Ultraendurance and Adventure Racing and Events


  • Ultraendurance and adventure races are prolonged events, usually longer than 6 hours (and some may be as long as 10 days) that usually take place in remote, austere, harsh, or extreme environments.

  • These events include challenging terrain, extreme elevation changes, inclement weather, and on-course obstacles.

  • Adventure races require participants to perform multiple disciplines that may include trail running, hiking, mountaineering, mountain biking, boating/rafting, climbing, caving, and/or orienteering.


  • More than 100,000 ultramarathoners compete in more than 1000 races held annually worldwide.

  • Adventure racing participation has increased by 211% in the last 5 years (1.3–2.2 million participants in 2013).

  • Over the past few decades, there has been continual increase in the number of masters athletes (>40 years of age) and women participating in ultraendurance events.

General Principles

Terminology/Event Types

  • Adventure races

    • Sprint (2- to 6-hour races): 4–8 miles on foot, 15–25 miles biking, and 2–4 miles paddling

    • Endurance (12-hour races): 6–12 miles paddling, 8–14 miles trekking, and 25–50 miles biking

    • 24-hour races: 10–25 miles paddling, 10–25 miles trekking, and 50 miles biking

    • Expedition: 400+ miles of varied disciplines

  • Ultraendurance races

    • Any running race longer than the standard marathon distance

    • Most common distances are 50 km, 100 km, 50 miles, and 100 miles.

    • 100 km is recognized as an official world record distance by the International Association of Athletics Federations (IAAF).

    • Other distances include double marathons, 24-hour races, and multiday races of 1000 miles or longer.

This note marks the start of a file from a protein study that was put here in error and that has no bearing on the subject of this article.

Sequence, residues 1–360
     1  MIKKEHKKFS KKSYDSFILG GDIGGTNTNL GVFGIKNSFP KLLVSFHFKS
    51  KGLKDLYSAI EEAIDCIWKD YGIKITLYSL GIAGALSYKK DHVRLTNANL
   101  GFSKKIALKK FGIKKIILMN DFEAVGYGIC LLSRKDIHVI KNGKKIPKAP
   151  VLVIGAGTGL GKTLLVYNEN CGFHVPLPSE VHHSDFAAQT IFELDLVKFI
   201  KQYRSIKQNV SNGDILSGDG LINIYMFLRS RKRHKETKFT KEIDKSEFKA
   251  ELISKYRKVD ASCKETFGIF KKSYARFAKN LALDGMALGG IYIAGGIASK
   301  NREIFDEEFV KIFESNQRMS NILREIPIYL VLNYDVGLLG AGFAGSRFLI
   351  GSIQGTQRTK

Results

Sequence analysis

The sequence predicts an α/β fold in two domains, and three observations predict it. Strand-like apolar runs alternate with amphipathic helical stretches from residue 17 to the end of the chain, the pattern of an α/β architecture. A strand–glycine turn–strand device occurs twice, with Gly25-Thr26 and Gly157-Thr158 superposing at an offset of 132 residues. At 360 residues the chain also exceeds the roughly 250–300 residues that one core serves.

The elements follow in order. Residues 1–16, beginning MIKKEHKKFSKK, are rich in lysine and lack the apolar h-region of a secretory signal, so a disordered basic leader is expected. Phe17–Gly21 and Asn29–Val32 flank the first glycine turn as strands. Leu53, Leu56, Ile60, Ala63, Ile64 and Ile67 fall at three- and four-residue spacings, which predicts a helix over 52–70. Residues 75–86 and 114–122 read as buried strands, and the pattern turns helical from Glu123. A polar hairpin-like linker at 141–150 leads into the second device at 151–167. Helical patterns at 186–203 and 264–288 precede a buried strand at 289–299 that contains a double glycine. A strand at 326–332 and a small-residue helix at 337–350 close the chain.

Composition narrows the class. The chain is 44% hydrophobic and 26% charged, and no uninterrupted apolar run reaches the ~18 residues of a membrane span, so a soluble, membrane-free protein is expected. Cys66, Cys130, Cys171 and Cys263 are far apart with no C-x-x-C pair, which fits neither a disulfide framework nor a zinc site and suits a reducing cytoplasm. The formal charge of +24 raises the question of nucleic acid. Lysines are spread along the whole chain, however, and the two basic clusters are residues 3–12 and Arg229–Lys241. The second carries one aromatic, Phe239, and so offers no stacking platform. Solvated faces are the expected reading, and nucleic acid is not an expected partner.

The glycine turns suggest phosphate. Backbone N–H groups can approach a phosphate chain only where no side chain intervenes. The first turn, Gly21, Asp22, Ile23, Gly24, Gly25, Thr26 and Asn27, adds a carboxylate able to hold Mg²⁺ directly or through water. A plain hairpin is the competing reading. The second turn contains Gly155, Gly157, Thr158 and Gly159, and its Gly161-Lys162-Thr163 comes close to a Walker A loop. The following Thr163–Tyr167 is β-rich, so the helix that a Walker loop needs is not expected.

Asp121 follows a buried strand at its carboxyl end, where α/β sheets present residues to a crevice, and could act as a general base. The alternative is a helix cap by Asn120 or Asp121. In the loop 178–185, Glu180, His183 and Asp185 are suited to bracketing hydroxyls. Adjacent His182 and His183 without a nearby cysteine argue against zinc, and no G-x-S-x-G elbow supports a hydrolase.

• Many events involve challenges such as trails, variable terrain, altitude, weather, and variable aid and support


  • Discipline-specific (e.g., shoes, clothing, pack and tools, lights, bike, kayak, paddle, rope harnesses, compass)

  • Participants must carry/provide their own food, water, protective clothing/footwear.

  • Hydration system

  • Water purification devices (e.g., iodine tablets, filter system, ultraviolet pen)

  • Compass (global positioning system [GPS] is usually prohibited), maps, and race directions

  • First aid kit and personal medications

  • Boxed food, water, clothing, other apparel for resupply points

  • Additional information can be found at http://www.usaranationals.com/gearlist.aspx .

Specific Training

  • Need to think about physical, mental, and skills training

  • Master the logistics of fluids, nutrition, use of equipment, and rest.

  • Frequency, intensity, and duration of training should be balanced for fatigue management and avoidance of overtraining.

  • Plan multidiscipline, multihour sessions so that athletes know how their bodies will react and feel after extended exertions in different disciplines ( Table 98.1 ).

    Table 98.1
    Guidelines For Adventure Races
    Race Distance Total Training Hr/Wk Bicycling Running Paddling
    Sprint 5–10 2–3 2–3 1–2
    Endurance 10–20 4–5 4–5 2–4